Is someone at work making your life difficult?
If so, you’re not alone.
Every workplace seems to have its difficult co-workers, bosses or customers. And they come in all varieties.
When trying to cope, it can help to understand the human dynamics of a situation. The inescapable fact is that any time two people are together, there’s potential for conflict.
Personality Styles Differ
“Each of us has our own strengths and weaknesses,” said Robert Trestman, M.D., Ph.D., chair of Psychiatry and Behavioral Medicine at Carilion Clinic. “There is no such thing as a perfect person, and it’s also rare that any one person is totally in the right or in the wrong. It’s more a question of personality differences.”
That said, there are personality styles that are more apt to provoke.
“Some people are perceived to be difficult because they are very direct and outspoken, and our culture doesn’t always respond well to that style,” said Dr. Trestman. “In the midwest or south, for instance, that style can be seen as confrontational and make people uncomfortable.”
Others are passive-aggressive and indirectly display hostility by being sullen, procrastinating or engaging in subtle insults.
“Some people just have a nasty streak,” Dr. Trestman added.
Then there are those who like to stir the pot and may say things to pit one person against another just to create a little chaos.
“Another type can be almost sociopathic, but in a skillful way,” noted Dr. Trestman. “It can be very hard to pin them down. All of these can undermine an effective team.”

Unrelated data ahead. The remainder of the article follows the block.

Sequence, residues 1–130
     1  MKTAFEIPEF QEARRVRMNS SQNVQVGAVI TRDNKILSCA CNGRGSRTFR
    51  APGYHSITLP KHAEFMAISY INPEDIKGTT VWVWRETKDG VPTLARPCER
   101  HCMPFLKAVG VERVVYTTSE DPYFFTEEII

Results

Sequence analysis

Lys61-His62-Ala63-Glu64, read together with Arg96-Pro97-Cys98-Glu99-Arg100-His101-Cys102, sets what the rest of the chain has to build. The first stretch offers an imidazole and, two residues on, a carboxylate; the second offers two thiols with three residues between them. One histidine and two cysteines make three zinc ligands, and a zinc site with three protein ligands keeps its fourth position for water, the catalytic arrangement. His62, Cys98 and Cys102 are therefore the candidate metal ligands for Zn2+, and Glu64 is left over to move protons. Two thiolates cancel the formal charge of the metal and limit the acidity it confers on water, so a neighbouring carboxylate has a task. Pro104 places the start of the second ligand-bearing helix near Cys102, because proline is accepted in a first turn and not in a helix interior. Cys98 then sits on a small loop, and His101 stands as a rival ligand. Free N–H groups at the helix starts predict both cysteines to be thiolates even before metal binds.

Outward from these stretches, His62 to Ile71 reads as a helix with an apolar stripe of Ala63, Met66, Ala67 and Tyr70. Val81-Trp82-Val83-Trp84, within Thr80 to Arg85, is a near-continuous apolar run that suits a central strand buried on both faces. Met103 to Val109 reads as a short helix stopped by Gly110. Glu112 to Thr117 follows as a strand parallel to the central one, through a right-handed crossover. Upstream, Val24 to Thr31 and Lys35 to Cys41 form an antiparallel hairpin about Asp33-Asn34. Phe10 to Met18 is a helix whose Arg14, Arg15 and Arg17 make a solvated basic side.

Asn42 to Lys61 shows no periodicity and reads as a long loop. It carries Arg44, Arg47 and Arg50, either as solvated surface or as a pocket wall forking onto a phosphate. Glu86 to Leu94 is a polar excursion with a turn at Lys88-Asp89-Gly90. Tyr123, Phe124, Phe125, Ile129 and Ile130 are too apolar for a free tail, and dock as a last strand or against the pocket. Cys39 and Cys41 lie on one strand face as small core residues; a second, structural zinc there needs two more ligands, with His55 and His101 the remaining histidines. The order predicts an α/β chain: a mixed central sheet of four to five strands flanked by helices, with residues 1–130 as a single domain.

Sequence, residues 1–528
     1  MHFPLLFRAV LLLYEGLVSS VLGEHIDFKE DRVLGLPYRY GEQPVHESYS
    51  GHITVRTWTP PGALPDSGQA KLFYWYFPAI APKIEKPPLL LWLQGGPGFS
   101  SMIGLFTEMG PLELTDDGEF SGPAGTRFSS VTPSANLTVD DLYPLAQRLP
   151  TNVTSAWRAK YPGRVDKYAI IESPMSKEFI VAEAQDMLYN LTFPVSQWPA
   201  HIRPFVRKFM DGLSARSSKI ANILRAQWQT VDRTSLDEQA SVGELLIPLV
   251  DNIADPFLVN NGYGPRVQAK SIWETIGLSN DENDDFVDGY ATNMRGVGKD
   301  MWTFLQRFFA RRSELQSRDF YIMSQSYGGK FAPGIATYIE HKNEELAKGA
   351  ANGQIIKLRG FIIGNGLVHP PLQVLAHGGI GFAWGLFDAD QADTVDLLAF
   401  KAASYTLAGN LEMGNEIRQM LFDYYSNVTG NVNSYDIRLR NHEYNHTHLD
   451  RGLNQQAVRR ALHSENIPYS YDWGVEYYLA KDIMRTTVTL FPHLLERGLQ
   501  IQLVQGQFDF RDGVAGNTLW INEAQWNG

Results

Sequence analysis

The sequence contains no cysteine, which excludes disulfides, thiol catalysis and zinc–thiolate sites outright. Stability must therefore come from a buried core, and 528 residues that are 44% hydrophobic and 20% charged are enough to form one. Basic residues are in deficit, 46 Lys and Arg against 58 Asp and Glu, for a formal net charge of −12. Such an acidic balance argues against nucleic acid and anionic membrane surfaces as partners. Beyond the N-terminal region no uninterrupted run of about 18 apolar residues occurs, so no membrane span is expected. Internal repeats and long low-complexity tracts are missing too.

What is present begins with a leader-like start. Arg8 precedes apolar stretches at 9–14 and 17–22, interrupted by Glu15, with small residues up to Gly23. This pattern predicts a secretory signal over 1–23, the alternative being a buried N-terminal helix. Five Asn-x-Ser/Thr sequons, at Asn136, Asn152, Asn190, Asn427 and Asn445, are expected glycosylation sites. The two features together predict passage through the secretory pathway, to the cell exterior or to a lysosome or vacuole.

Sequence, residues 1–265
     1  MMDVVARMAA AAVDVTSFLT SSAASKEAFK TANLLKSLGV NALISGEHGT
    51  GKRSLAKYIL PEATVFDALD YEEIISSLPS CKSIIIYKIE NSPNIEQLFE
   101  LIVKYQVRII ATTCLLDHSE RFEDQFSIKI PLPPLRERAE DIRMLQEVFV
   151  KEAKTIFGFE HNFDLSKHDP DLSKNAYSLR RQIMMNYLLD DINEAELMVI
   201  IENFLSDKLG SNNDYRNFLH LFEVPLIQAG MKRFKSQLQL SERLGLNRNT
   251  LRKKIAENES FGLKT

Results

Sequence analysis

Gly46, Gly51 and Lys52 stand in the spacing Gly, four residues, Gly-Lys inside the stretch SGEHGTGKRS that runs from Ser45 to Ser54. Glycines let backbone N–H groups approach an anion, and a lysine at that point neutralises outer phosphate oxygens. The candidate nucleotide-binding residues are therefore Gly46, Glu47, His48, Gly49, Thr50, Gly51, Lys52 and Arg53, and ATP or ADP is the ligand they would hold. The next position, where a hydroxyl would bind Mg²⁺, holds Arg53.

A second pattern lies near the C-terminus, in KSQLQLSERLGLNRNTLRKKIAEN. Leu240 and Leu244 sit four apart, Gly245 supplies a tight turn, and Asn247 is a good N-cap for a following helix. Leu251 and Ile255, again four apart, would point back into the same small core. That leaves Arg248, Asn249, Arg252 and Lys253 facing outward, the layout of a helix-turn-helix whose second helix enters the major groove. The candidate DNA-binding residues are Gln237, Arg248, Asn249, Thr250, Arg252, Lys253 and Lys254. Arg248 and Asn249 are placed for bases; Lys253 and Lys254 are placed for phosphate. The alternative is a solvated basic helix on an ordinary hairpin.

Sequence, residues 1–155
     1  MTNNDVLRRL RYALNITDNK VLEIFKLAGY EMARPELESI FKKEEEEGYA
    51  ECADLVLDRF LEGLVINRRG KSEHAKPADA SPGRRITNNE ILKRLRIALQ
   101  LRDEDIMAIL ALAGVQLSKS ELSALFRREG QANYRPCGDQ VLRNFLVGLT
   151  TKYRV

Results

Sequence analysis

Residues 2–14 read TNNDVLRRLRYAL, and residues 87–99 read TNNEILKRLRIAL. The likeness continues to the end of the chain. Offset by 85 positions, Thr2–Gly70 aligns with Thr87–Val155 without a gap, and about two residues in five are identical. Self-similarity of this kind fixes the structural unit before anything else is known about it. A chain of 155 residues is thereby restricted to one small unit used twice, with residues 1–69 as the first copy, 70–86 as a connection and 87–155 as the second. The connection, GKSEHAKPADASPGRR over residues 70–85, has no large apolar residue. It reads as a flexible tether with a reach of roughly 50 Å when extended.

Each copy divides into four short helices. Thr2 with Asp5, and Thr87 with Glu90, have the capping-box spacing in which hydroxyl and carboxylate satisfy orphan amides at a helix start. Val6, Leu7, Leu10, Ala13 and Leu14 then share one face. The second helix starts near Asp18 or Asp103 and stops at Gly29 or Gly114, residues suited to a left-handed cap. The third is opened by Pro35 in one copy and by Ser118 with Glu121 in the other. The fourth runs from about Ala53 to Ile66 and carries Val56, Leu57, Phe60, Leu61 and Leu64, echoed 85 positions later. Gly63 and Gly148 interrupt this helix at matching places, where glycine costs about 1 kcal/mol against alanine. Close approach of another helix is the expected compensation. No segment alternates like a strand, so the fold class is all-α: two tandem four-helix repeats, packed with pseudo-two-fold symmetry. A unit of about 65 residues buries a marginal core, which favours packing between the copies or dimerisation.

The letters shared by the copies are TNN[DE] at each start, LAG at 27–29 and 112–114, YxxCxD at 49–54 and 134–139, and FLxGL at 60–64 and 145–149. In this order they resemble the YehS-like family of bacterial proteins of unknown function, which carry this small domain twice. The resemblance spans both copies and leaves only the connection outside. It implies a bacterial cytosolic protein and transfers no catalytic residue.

How to deal with these challenging types?
A basic remedy can be used for each.
“In general, it always pays to be very upfront,” said Dr. Trestman. “When people are causing disruption, for whatever reason, gather as much information as possible about their behavior.”
If you are their supervisor, he suggests:
- Meet with the person and discuss the concern
- Be concrete about their problem behaviors
- Lay out your specific expectations
- Give them guidance as to preferred behaviors
- Offer them an opportunity to practice the new behaviors
- Do all this with a reasonable amount of sensitivity so the person can grow from the experience
- Create a culture that rewards the results of collaboration
If you’re dealing with a person who is almost pathologically undermining others, be sure to set boundaries for them. Set specific performance expectations and protocols to follow.
“These are the kind of folks who can create a hostile work environment, or situations that can escalate dramatically and cause legal difficulties,” said Dr. Trestman. “You may want to get Human Resources involved sooner rather than later.”
Approaching a Colleague
If you are a colleague or peer of a difficult co-worker, you have similar recourses.
“The normal human tendency is just to try and get along, but that can undermine your ability to work as a team,” Dr. Trestman pointed out.
If you must rely on each other, say as part of a health care or legal team, it can create problems.
Here are steps to take:
- Gather up your courage and approach the other person in a non-confrontational way
- Tell them what specific things they are doing that make life difficult for you
- If he (or she) denies it, say “This is how I perceive what you’re doing.”
- Ask if there’s anything you’re doing that they perceive negatively
- If you don’t get anywhere, go to your supervisor or HR
If you’re now trying to decide how to deal with a difficult person at work, make sure you also take good care of yourself.
To help you cope, take time to:
- Get enough sleep
- Eat well
- Engage in stress-relieving activities
“All the little things at work can become magnified if we’re not taking good care of ourselves,” Dr. Trestman said.
What to do if someone is truly making it hard to do your job or advance and all remedies fail?
“You may want to consider getting a new job,” he advised.
And if possible, try to find whatever humor you can in the situation. Humor is a great antidote to stress.
As the old saying goes:
"Sometimes I think the whole world is crazy except me and thee, and at times I suspect even thee."